Per the CTA, FinCEN must keep the reported information in a secure, non-public database for five years upon termination of the reporting company, and the unauthorized disclosure of the information is prohibited. FinCEN must also provide a “FinCEN identifier” to entities or individuals who have submitted their beneficial ownership information, upon request. According to the notice, “A FinCEN identifier is to be a unique identifier for each individual or entity that may be used for subsequent reporting to FinCEN in lieu of providing certain other information.”

Request for Information on Artificial Intelligence, 31 March 2021

The Board of Governors of the Federal Reserve System, Bureau of Consumer Financial Protection, Federal Deposit Insurance Corporation, National Credit Union Administration and Office of the Comptroller of the Currency issued a request for information (RFI) on financial institutions’ use of artificial intelligence, including machine learning. The RFI seeks “to understand respondents’ views on the use of AI by financial institutions in their provision of services to customers and for other business or operational purposes; appropriate governance, risk management, and controls over AI; and any challenges in developing, adopting, and managing AI.” The deadline for comments was 01 July 2021. 

American regulators have demonstrated increasing interest in the adoption of AI, alongside the mitigation of its risks. On 19 March 2021, the National Security Commission on Artificial Intelligence published a Final Report outlining a strategy to “win the broader technology competition” in the “AI era.” On 19 April 2021, the Federal Trade Commission (FTC) published a blog on “Aiming for truth, fairness, and equity in your company’s use of AI,” which delivers guidance on avoiding negative outcomes like racial bias.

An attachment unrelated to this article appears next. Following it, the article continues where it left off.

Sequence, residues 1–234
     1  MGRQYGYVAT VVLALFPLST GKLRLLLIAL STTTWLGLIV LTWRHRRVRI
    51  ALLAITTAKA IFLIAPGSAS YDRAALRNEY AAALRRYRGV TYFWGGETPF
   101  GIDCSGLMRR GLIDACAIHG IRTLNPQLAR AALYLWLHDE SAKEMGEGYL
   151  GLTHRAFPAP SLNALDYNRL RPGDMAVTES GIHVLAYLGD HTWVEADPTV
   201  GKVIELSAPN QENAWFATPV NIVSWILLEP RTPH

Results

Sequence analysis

Trustworthy AI Blog

Trustworthy AI

AI holds promise for many sectors. In fact, 60% of financial institutions have embedded at least one AI capability.

However, AI has been shown to have a “black box” issue. This lack of transparency can include hidden biases, with significant consequences. How can we ensure AI systems are bias-free? The answer lies in Trustworthy AI.

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The financial services industry continues to utilize Artificial Intelligence to improve customer experience and reducing costs. The expanded use of AI and documented bias in algorithms has made AI a high priority for U.S. financial regulators and policymakers. The regulators’ RFI was one of many initiatives this year.

In April the FTC published a blog post, “Aiming for truth, fairness, and equity in your company’s use of AI”. The regulator warns developers and users of AI that exaggerating or misleading consumers will put companies in the crosshairs of the FTC citing potential enforcement action under the FTC Act, the Fair Credit Reporting Act, and Equal Credit Opportunity Act.